“Schoenmakers asked if he could have a go and he’s really good on the harmonica. It’s like his first love. So he plays this amazing tune and Sicily got so upset that when he took the harmonica back he just threw it as hard as he could. It smashed a mug of tea that Burgoyne was drinking at the time. Burgoyne just looked forlorn and a single tear fell from his face. I’ll never forget it.
“The other incident was Wednesday last week. Tom Mitchell had bought himself these new shoes, you know, as a treat for his 54 touches. Sicily got jealous and stood on them. Didn’t even pretend it was an accident. He just looked in Mitchell’s face and sneered. Mitchell’s mood just dropped. He cancelled the movie night he’d been planning. They were going to watch 10 Things I Hate About You. It’s Titch’s (Mitchell) favourite film.”
Anger management professionals are expected to arrive at the club this week. Michael Christian is expected to give his match review findings later today. James Sicily is expected to do a burnout out of the carpark while giving everyone the finger.
The Adelaide Crows are set to appeal a one-match suspension handed to midfielder Richard Douglas for ‘careless conduct with medium impact to the head’ by the Match Review Officer Michael Christian after his Friday night bump on Bomber Zach Merrett, by arguing to the AFL Tribunal that ‘at least he didn’t sandpaper his head’.
Taking inspiration from recent events surrounding the Australian Test cricket team, the Crows are set to argue that Australian captain Steve Smith was handed a one-match penalty for an action that has brought the entire fabric of our nation’s society into disrepute, and that an equivalent penalty for a bump in an AFL game is ‘a bit much’.
Smith was suspended by the ICC after his involvement in ball-tampering when he, as part of the Australian leadership group, encouraged Cameron Bancroft to use sandpaper to change the condition of the cricket ball in their third Test against South Africa.
Crows Head of Football Brett Burton said he was confident that the severity of the Douglas incident did not warrant the penalty and is willing to risk a $10,000 fine by challenging the decision.
“We have thoroughly reviewed the incident and after seeking some independent expert advice we believe that we have a strong argument which we will present on Tuesday evening,” said Burton.
“Our argument is that, essentially, at least Douglas didn’t pull out some sandpaper, secretly and surreptitiously rub it on Merrett’s head, and then conceal it in his underwear.
“We can all agree - especially after the public outcry and the fact that Smith’s lost the captaincy, his integrity and the nation’s trust – that rubbing sandpaper on a thing is the worst thing that a sportsman can do. Well, Douglas didn’t do that, and I hope the Tribunal will see that to be the case.”
The AFL Tribunal will hear Adelaide’s case when it convenes Tuesday evening from 5pm Melbourne time. Douglas will incur no further penalty if the original finding is upheld but if it is found that he did use sandpaper in his clash with Merrett, Douglas will forfeit his right to Australian citizenship.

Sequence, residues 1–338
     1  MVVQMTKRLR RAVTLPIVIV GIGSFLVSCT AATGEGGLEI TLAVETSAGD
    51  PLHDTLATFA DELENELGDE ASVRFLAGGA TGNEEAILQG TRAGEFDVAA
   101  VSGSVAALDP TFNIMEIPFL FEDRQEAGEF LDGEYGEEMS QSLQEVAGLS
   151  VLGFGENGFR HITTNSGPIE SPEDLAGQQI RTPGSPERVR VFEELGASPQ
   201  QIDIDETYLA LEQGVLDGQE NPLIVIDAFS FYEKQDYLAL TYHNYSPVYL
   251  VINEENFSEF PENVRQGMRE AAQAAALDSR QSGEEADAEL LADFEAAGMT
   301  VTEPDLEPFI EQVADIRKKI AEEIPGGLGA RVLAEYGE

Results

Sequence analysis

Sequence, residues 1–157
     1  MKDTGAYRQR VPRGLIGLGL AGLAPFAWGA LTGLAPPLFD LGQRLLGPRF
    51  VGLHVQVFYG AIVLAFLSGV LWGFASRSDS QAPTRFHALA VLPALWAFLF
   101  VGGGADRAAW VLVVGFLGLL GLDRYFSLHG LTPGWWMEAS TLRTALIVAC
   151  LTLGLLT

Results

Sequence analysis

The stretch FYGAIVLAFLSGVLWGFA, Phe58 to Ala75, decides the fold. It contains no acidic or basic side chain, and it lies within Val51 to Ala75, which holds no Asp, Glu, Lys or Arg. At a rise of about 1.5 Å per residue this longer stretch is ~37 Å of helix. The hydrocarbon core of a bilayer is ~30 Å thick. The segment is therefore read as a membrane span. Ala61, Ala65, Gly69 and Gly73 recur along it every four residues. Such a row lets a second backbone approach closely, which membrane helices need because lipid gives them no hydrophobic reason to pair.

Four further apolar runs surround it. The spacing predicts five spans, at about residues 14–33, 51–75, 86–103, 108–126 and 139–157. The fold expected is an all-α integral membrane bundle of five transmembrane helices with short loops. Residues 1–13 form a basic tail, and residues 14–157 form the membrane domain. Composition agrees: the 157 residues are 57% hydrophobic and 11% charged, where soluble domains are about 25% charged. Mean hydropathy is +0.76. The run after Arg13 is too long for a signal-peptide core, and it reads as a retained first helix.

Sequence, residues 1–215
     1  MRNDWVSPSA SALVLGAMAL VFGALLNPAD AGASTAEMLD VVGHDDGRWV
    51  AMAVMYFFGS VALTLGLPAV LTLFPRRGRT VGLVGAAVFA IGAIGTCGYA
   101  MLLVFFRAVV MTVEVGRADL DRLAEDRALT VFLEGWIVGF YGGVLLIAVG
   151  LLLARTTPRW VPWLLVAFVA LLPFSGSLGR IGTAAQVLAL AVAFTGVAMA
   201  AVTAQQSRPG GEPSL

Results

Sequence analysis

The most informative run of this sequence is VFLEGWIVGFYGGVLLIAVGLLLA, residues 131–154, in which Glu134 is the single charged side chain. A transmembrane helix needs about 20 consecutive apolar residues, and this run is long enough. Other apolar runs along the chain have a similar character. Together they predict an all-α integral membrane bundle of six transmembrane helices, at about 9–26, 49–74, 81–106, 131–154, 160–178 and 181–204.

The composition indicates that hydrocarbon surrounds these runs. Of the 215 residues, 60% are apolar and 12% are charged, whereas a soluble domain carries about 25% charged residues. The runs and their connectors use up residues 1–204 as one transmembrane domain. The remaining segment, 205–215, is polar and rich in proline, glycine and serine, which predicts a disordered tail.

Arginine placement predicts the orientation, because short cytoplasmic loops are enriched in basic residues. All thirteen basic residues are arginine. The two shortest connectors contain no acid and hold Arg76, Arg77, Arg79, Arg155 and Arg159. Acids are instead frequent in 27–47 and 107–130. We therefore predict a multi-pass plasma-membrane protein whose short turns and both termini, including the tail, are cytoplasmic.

AFL CEO Gillon McLachlan has followed Friday’s controversial release of 15 re-recorded club songs by revealing that he is planning to re-release footage of past Grand Finals with CGI additions and edits, ASW has learned.
The AFL announced on Friday that they had recorded updated versions of the traditional club songs for 15 of the 18 AFL teams, with many supporters up in arms at the changes, and it’s expected that there will be further outrage if McLachlan’s plans to amend past Grand Final footage are realised.
Sources close to McLachlan’s inner sanctum have told ASW that McLachlan revealed in a private meeting his plans to re-visit several Grand Finals and insert ‘CGI and digital effects’ to make the matches fit his ‘original vision’, including the addition of Jabba the Hutt and Boba Fett to 2005 Grand Final footage, and replacing North Melbourne’s 1999 Grand Final player Cameron Mooney with the ghost of Hayden Christensen.
“Jabba, Boba, Hayden Christensen…these are just the tip of the iceberg,” said one insider who had detailed knowledge of the meeting.
“Gil spoke for 45 minutes about different visions he had. He’d mapped them all out on a storyboard and even hired sketch artists and animators to mock up quick screen tests of what he’d planned.
“We tried to tell him that he was going to make the traditionalists angry – that people were happy with things the way they were and he didn’t have to do this sort of stuff…but he just had a crazed glint in his eye. It looked like he hadn’t showered in weeks.”
ASW was able to obtain a partial list of proposed changes, with the understanding that McLachlan has already allocated AFL funds to their execution. They are as follows:
It is unknown how many more amendments have been suggested by McLachlan, and information is not expected to be released before the beginning of the 2018 AFL season on March 22.